"I'm not sure what it is exactly but I do know that it exists" - the answer of one elderly Czech woman asked by Tyden's reporter whether she knew what the Internet was. Like elsewhere, the older generation is not eager to surf, but the authorities say they will soon not be able to do without basic Internet know-how and the Czech Republic is joining other European states in introducing a public network.
As of the beginning of this year public Internet links have been springing up in the major cities. 100 will be operational by the end of January, 1,000 by the end of the year, 6,000 by the end of 2002. The Czech Republic has 6,214 towns and villages and the authorities aim to link up every single one of them with at least one Internet connection. Operating them will be as easy as operating a lift, says Josef Hajkr, the head of the Czech Internet Agency which is masterminding the whole project.
One will be able to get to the information one needs in just three clicks on the keyboard - from a weather forecast to a bus schedule, or what they are showing at the local cinema. At present only 1 and a half million Czechs have access to the Internet - seven million do not. In two years' time they will at least all have these public Internet links. Can the ogeneration which is by and large sceptical about the advantages of modern technology be persuaded to make use of them? Hajkr thinks so -if only for the attraction of getting information -and E-mails to your relatives -free of charge. If they pick up a phone to get the information they'll be footing the bill, but all services on the public net will be free of charge -at least to start off with. Most of them should remain so, Hajkr says. With the new law on electronic signatures it should also be possible to tackle your red-tape paperwork over the net without waiting in line ! So who's paying for all this? The estimated cost is around 30 million crowns and according to Mr Hajkr it's all to be had from private Czech investors, not a haller from state coffers. And - the last two questions - Kvety says. What about vandals and children accessing porno sites on the web. Certain sites will be blacklisted, Hajkr counters, as for potential vandals - just to be on the safe side, most of these first links will be placed where they will be under surveillance - public libraries, schools, post offices, youth clubs and bus terminals.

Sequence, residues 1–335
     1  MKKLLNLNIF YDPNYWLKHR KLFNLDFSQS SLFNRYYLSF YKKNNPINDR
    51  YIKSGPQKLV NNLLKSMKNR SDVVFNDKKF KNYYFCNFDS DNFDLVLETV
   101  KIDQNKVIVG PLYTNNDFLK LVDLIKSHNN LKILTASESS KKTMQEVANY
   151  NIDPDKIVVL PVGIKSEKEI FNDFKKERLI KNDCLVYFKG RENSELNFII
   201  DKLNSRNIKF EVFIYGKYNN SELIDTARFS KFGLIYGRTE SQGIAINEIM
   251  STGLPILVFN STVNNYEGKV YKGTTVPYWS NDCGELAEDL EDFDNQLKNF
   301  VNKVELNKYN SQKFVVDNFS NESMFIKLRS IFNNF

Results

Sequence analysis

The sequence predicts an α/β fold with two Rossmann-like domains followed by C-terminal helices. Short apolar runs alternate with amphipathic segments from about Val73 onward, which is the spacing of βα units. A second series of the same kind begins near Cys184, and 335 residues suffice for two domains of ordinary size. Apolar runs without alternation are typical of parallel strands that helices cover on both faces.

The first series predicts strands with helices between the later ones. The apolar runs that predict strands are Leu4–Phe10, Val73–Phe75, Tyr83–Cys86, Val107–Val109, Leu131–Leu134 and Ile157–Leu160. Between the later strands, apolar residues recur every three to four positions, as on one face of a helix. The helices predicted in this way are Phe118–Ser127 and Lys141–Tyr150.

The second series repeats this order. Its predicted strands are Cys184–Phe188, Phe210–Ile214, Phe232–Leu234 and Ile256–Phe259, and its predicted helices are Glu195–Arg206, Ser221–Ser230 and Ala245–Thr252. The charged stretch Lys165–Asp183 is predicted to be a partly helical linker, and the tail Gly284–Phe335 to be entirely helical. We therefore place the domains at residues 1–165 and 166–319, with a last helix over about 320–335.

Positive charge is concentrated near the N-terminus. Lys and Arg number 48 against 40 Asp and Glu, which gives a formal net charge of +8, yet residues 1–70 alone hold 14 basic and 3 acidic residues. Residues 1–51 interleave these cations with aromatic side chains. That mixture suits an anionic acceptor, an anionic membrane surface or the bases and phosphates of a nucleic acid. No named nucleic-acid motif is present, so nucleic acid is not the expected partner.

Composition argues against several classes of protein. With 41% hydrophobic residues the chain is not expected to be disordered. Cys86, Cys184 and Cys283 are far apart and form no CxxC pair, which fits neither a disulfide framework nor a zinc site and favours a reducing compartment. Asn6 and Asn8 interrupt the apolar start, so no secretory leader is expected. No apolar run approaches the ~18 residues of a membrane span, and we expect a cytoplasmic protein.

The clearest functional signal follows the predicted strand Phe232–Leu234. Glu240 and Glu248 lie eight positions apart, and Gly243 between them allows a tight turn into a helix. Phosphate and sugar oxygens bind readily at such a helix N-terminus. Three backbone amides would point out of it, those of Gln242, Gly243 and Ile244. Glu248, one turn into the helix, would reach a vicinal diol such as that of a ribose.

The system is already working well in Great Britain, Germany, Finland and Estonia - so why shouldn't it here?